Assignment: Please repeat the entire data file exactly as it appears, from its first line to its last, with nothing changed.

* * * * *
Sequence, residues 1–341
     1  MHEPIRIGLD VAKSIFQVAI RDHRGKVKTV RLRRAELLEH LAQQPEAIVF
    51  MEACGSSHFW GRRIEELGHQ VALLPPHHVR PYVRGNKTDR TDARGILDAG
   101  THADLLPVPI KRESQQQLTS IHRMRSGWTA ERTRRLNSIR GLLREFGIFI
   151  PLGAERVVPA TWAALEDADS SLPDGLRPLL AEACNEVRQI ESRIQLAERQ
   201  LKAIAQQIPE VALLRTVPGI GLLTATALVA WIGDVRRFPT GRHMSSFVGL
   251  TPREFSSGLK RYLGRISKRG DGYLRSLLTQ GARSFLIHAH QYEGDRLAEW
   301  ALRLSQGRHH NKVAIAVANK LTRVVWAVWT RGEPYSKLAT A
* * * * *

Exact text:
Sequence, residues 1–341
     1  MHEPIRIGLD VAKSIFQVAI RDHRGKVKTV RLRRAELLEH LAQQPEAIVF
    51  MEACGSSHFW GRRIEELGHQ VALLPPHHVR PYVRGNKTDR TDARGILDAG
   101  THADLLPVPI KRESQQQLTS IHRMRSGWTA ERTRRLNSIR GLLREFGIFI
   151  PLGAERVVPA TWAALEDADS SLPDGLRPLL AEACNEVRQI ESRIQLAERQ
   201  LKAIAQQIPE VALLRTVPGI GLLTATALVA WIGDVRRFPT GRHMSSFVGL
   251  TPREFSSGLK RYLGRISKRG DGYLRSLLTQ GARSFLIHAH QYEGDRLAEW
   301  ALRLSQGRHH NKVAIAVANK LTRVVWAVWT RGEPYSKLAT A